Summary:

Who are you and what do you do? My name is Jennifer Woofter and I run Strategic Sustainability Consulting (SSC). We’re a boutique consulting company that works with small- and medium-size organizations that want to “go green.” I spend about one-third of my time on billable […]

jenniferWho are you and what do you do?

My name is Jennifer Woofter and I run Strategic Sustainability Consulting (SSC). We’re a boutique consulting company that works with small- and medium-size organizations that want to “go green.” I spend about one-third of my time on billable sustainability consulting work (green audits, carbon footprinting, coaching and training) and about two-thirds of my time running the business — made up of three in-house staff, between four and six interns, and a freelance network of more than 450 sustainability experts.


What’s a typical day like for you?

I’m a night owl, and since I usually go to sleep in the wee hours, I’m rarely awake before 9 a.m. Since I work from home, that’s not a problem — I just walk downstairs to my office (stopping in the kitchen for a cup of coffee) and am ready to work by 9:05. I try not to schedule any meetings until 10 a.m., which gives me just enough time to check email and catch up on my RSS feeds before diving into the day. I focus on client work in the morning, then work in the afternoon on business development. My evenings are spent with my husband and two puppies in front of the TV, where we play “dueling laptops” as we both try to cram in as much additional work as possible in between episodes of “House Hunters” and “Chopped.”


What gear and software do you use, and why?

I have a desktop computer (Dell Inspiron) for daily work, a laptop (HP Pavilion) for evening work, and a new netbook (Toshiba NB205) that I use when I travel specifically because I get over nine hours of battery life. Tech gadgets that I use frequently include a webcam for videoconferencing (Logitech Quickcam), a digital voice recorder (Sony IC Recorder) for keeping track of my crazy ideas, and a Flip Mino HD camcorder for shooting quick video. I have a special relationship with my iPhone that I think might threaten my husband.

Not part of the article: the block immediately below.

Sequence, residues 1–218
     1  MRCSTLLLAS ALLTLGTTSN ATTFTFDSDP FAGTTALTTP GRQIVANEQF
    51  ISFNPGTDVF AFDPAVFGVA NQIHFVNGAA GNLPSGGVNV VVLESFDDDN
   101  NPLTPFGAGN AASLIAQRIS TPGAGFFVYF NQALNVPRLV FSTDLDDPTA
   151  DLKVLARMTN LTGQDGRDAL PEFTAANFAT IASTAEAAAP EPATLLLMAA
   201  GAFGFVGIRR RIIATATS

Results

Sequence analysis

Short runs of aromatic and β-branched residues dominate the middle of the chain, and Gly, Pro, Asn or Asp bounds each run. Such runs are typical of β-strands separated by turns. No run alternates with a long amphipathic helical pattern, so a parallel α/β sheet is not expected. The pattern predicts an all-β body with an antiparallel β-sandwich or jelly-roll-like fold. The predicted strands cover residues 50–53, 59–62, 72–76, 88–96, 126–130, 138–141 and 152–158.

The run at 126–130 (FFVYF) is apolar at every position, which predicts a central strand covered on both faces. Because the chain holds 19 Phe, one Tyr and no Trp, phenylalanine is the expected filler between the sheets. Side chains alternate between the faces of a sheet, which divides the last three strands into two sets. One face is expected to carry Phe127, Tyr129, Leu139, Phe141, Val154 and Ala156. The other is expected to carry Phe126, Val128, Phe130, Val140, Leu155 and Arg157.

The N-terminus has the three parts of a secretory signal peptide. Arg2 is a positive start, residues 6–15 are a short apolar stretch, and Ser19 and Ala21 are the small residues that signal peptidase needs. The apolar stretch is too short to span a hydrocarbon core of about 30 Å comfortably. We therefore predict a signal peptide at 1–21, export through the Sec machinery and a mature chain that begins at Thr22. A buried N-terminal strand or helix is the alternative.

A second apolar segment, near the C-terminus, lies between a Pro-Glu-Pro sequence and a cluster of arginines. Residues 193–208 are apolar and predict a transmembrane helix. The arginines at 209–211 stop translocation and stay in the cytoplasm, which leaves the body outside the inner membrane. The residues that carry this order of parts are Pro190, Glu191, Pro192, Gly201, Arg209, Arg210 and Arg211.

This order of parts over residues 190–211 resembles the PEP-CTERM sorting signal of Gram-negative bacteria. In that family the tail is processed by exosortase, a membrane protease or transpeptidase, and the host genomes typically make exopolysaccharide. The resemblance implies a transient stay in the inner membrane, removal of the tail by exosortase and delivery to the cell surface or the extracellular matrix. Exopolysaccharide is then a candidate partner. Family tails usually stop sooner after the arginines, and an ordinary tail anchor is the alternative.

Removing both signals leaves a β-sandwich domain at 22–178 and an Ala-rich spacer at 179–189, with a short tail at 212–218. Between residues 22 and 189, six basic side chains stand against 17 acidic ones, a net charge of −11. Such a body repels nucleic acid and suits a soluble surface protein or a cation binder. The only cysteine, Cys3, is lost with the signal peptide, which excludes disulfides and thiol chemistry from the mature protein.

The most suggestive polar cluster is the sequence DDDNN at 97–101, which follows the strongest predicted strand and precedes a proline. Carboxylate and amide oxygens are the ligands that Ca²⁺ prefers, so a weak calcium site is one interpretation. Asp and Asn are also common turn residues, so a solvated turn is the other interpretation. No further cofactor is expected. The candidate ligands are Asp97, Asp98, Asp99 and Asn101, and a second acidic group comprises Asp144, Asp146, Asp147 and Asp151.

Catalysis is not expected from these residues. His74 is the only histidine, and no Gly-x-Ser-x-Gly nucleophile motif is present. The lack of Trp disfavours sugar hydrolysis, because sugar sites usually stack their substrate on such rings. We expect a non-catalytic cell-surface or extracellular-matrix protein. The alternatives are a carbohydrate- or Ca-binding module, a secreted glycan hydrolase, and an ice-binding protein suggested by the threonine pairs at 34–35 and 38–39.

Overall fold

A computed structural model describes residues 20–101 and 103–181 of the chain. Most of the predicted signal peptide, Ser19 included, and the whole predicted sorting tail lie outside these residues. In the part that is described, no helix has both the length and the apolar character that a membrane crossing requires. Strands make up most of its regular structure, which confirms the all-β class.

On the software side, I use GoToWebinar at least once a day for web conferencing (staff meetings, client presentations, and our weekly webinars and online training).  I use Audacity for SSC’s podcast interviews with sustainability experts, and we put up video through our newly created YouTube channel. Our entire company uses Skype for instant messaging and telephone, and I use Tweetdeck to manage my Twitter account (@jenniferwoofter).  I’m a huge fan of 5 pm project management software, Highrise for contact management and Google Docs.


What’s your favorite web working tip?

Set up a remote back-up system that allows you to synchronize file-sharing between different computers. I was spending a huge amount of time before each trip (whether it was a coffee meeting in the next town or a week in Hawaii) copying files that I thought I might need onto a flash drive for use with my laptop. Not to mention the time and confusion of sending files back and forth to my remote team — we were never sure who had the most recent version of a document we were collaborating on, and Google Docs only goes so far. A couple of months ago we switched over to Dropbox, and it was like the clouds parted and angels started singing. Not only is it 100 times easier to manage our workflow and document control, but I don’t have to worry about backing up my materials since it automatically does it for me.

If you would like to be profiled on WWD, get in touch with me at simon (at) gigaom (dot) com.

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By Simon Mackie

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